This was during the communist insurrection. Lundu/Bau was a “red area” with frequent military skirmishes. The Kuching-Lundu road was largely dirt and quite treacherous, a journey by ambulance taking four to five hours (one to one-and-a-half hours now on the Pan Borneo Highway). We were under daily curfew. After 6.00pm, the ferry would shut down, and absolutely no road travel was allowed.
Whenever MOs travelled out and I was the solo doctor, surgical emergencies were a challenge. Appendicectomies were common as were obstetric emergencies, including caesareans. The Medical Assistant (MA) was the anaesthetist.
A medical staff member was admitted one night with ectopic pregnancy and suspected internal bleeding. She was looking quite pale, so we had to go around the hospital and school searching urgently for B+ blood donors. Unfortunately, they had all gone travelling.
As I was the only one with B+ blood available, I donated my pint while calling Sarawak General Hospital for surgical advice. Thankfully, she stabilised without the need for me, the now slightly anaemic medical officer, to operate on her. We rushed her off to Kuching as soon the curfew was lifted.
A case of impacted hernia started bleeding after the hernia was reduced. I had to open the abdomen to stop the bleeding and do gut resection and anastomosis. So thankful for the experienced MA anaesthetist and operating theatre nurses who were so well trained by our predecessors.
Of course, with the vast improvements in road communication and the availability of specialists in public and private hospitals, many of such cases will now be referred or given the informed option to choose, where, or by whom. This might be why less surgeries are being done in the district hospitals.
Housemen and MOs in Sarawak should still be trained to do such operations, for the occasional emergency where time is of the essence.
The overcrowding in tertiary hospitals, bed shortages, and limitations in operation theatre, radiological, or laboratory services have probably deprived the present generation of doctors of the learning opportunities for real-time, hands-on surgical and obstetric operations. Not enough cases for too many trainees.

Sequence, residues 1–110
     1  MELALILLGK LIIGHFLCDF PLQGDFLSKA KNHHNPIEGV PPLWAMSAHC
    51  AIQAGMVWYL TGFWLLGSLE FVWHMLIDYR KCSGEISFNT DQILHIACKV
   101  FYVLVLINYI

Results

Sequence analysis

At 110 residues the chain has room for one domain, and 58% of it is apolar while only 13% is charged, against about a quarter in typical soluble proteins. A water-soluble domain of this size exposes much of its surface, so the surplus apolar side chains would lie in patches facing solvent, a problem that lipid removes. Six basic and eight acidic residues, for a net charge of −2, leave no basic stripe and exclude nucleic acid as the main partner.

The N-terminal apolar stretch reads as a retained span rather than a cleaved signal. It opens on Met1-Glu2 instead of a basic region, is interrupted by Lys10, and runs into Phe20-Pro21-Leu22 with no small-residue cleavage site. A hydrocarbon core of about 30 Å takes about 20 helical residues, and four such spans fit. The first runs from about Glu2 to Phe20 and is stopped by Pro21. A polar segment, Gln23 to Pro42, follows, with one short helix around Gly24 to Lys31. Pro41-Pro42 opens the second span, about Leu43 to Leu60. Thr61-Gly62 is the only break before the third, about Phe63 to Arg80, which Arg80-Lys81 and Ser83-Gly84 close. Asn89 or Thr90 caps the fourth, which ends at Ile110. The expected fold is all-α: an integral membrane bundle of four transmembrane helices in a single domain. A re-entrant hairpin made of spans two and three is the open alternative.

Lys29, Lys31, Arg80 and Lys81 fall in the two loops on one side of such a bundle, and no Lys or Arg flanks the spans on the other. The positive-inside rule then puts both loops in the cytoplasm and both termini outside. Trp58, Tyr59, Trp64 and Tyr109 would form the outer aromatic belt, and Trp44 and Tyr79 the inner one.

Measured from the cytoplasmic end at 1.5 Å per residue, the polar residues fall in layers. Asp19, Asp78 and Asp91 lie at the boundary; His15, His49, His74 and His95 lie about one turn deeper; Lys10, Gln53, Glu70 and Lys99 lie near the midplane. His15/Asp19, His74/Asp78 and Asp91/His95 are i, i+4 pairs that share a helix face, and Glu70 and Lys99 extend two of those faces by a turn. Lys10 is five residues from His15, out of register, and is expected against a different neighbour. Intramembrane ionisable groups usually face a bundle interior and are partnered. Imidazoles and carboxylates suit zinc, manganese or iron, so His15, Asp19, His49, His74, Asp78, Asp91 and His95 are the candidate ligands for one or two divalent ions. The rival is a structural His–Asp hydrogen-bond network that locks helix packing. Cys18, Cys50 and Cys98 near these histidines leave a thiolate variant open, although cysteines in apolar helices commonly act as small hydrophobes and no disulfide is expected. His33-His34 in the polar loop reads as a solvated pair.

Strategically located district hospitals should be upgraded to become satellite training hospitals where resident or visiting specialists (from tertiary hospitals) can perform scheduled surgery and train doctors and paramedics.
First-year housemen or new medical officers can be rotated, so they can be closely supervised and get the coaching needed to help them transition from medical students to good doctors.
The tertiary hospital operating theatres, beds, and staff can be freed up to focus on more serious or specialised cases, training, and research.
There should be enough surgical trainees and specialists now to be rotated to district hospitals to operate on scheduled elective cases. This will help train up the MOs and maintain and update the proficiencies of the district hospital operating theatre staff.
Posting full-time specialists to every district hospital in Sarawak is not the most cost-effective use of a rare and valuable human resource. Under such conditions, specialists run a high risk of quitting. Perhaps assigning one specialist to cover two or three district hospitals is more realistic and sustainable.
The health director general’s mission to revive, re-equip, retrain, and upgrade the surgical capacities of our district hospitals to make access to timely surgery more equitable is to be applauded.
We look forward to the MOH’s leadership with regard to this initiative. The 50 years of Sarawak district hospitals’ operating theatre success are proof that Malaysian MOs and paramedics have done, and are still doing it, in Sarawak, their jobs quietly and well.
Dr Tah Poh Tin is a public health specialist and paediatrician.
- This is the personal opinion of the writer or publication and does not necessarily represent the views of CodeBlue.